Many businesses in the 21st century will thrive or decline by how well they train their employees to creatively tackle and solve all the challenges they run into from day to day as well as enhancing the skills and knowledge needed to execute their tasks and responsibilities. But while the need for any company to have robust learning, training and development programs is a no-brainer, when it comes to figuring out how to choose your learning method, many leaders and managers are left scratching their heads. There’s traditional instructor-led face-to-face classroom learning, eLearning and various ways to blend the two. How do you go about sorting it all out and making the right choice? Here are some things to keep in mind.

eLearning, Traditional or Blended: How to Choose Your Learning Method

Ask About eLearning First When it’s Time to Choose Your Learning Method

You may have thought that the first point I’d make in this article would be something about choosing the method that best fits the material and learning objectives that need to be taught. Yes, that’s true, but there’s a danger in doing that as well. Although much progress has been made in eLearning gaining a foothold in many companies, there is still a surprising amount of traditional learning and training happening in corporate America – and it’s not necessarily because it’s the best fit for the material or learning objectives. For companies that have yet to take a deep dive into eLearning, traditional modalities are often embraced by default.

To prevent yourself from just falling back on old ways of learning and training, get yourself into the habit of first asking yourself – is there a way these learning objectives could be met through eLearning? After all, life in the 21st century is becoming increasingly digitized, and your company’s learning programs need to follow suit or become hopelessly outdated. You have to force yourself to adopt an eLearning frame of mind if you want to reap its many benefits, but that will never happen as long as you keep defaulting to the older traditional ways of training and learning. Once you get used to this way of thinking, you’ll be surprised at how much material you previously thought was best handled by traditional modalities would, in fact, be better handled through eLearning.

When eLearning is Your Primary Method, Blended Learning Comes Next

With an eLearning mindset driving how you choose your learning method, then the only time you’ll deviate from eLearning is when there are specific skills and procedures that would be best taught with face-to-face instruction and demonstrations. In most cases, you’ll find that eLearning can handle most if not all of what you teach, and you’ll only need to occasionally blend in some face-to-face sessions for key pieces of the puzzle. If it helps, just keep reminding yourself that the vast majority of your people do not want to spend hours and hours sitting a classroom bored out of their skulls, which is the preconceived notion many will have about traditional learning and training methods – and even more so when the topics are required compliance trainings.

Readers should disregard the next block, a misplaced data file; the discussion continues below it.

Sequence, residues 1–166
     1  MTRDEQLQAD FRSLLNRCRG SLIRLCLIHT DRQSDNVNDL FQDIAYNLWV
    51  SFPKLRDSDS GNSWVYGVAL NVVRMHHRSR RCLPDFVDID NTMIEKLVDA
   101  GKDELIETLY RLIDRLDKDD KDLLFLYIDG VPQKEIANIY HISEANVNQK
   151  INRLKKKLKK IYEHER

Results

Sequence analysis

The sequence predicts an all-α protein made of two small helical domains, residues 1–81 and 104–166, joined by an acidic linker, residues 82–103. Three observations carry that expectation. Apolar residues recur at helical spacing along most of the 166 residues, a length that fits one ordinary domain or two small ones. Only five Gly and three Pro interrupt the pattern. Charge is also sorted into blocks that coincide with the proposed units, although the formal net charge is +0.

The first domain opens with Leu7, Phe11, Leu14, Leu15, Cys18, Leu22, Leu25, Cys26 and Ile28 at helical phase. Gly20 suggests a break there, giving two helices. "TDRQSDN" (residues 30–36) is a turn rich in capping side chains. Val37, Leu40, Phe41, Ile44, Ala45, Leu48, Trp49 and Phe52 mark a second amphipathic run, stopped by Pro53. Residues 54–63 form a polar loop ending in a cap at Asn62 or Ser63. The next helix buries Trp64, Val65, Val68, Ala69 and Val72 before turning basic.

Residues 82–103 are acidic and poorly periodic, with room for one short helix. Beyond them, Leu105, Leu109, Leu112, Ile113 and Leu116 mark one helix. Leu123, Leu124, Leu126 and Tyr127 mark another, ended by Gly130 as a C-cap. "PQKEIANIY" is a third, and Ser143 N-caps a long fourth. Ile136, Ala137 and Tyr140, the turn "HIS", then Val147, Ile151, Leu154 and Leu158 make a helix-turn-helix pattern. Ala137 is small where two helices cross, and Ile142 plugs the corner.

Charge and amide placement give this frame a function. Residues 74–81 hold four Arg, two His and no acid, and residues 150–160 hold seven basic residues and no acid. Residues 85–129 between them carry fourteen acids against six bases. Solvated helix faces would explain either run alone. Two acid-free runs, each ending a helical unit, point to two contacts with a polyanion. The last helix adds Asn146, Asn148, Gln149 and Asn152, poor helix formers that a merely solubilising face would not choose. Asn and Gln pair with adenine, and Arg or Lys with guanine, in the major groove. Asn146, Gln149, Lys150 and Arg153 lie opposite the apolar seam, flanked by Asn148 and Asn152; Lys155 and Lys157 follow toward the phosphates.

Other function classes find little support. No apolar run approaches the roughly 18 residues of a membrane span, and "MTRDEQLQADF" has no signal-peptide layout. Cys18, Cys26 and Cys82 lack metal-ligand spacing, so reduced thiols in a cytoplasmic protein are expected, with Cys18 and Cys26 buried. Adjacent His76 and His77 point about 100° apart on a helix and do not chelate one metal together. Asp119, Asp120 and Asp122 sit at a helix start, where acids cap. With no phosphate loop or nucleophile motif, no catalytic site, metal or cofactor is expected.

Additional Dimensions to Consider

If you keep asking yourself how you can teach any given material through eLearning, you’ll rarely have to turn to other methods, but some of the dimensions used to help drive how you choose your method include the following:

  • Number of learners: As the number of learners increases, eLearning becomes increasingly attractive. Not only will the material be presented in a completely consistent and uniform manner, eLearning also opens up the possibility of people engaging it when and where it makes the most sense to them.
  • Location of learners: If your learners, whether few or many, are widely dispersed across distant geographies, eLearning makes more sense, and will also save your company a lot of money that would otherwise have to be spent on travel for both learners and instructors to attend face-to-face sessions.
  • Content: And now I will finally mention content in more detail, but with the caveat that you should never just assume that any given topic is best taught in a traditional classroom setting. Challenge yourself first to figure out how to teach it through eLearning. For example, many people just assume that “soft skills” or “people skills” are best taught in the classroom setting, but that’s simply not true anymore. Plenty of learning programs have figured out how to effectively teach even soft skills in the eLearning environment.

Given the brave new digital world of the 21st century, companies everywhere need to prioritize eLearning as the first choice when it’s time to choose your learning method. There may well be times when a blended approach also makes the most sense, but there should be very few courses, programs or modules that rely solely on traditional classroom approaches.